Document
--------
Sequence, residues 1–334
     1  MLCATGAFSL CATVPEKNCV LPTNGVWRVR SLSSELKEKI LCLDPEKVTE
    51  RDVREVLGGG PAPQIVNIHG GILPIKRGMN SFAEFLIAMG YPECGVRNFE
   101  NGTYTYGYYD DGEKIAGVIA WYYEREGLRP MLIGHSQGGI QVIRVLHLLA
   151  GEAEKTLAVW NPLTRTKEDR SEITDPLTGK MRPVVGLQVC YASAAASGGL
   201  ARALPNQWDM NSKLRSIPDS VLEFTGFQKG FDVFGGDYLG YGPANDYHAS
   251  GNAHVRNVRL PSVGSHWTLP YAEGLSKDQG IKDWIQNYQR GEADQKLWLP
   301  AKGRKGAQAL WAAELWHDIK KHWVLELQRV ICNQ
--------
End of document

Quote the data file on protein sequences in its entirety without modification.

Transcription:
Sequence, residues 1–334
     1  MLCATGAFSL CATVPEKNCV LPTNGVWRVR SLSSELKEKI LCLDPEKVTE
    51  RDVREVLGGG PAPQIVNIHG GILPIKRGMN SFAEFLIAMG YPECGVRNFE
   101  NGTYTYGYYD DGEKIAGVIA WYYEREGLRP MLIGHSQGGI QVIRVLHLLA
   151  GEAEKTLAVW NPLTRTKEDR SEITDPLTGK MRPVVGLQVC YASAAASGGL
   201  ARALPNQWDM NSKLRSIPDS VLEFTGFQKG FDVFGGDYLG YGPANDYHAS
   251  GNAHVRNVRL PSVGSHWTLP YAEGLSKDQG IKDWIQNYQR GEADQKLWLP
   301  AKGRKGAQAL WAAELWHDIK KHWVLELQRV ICNQ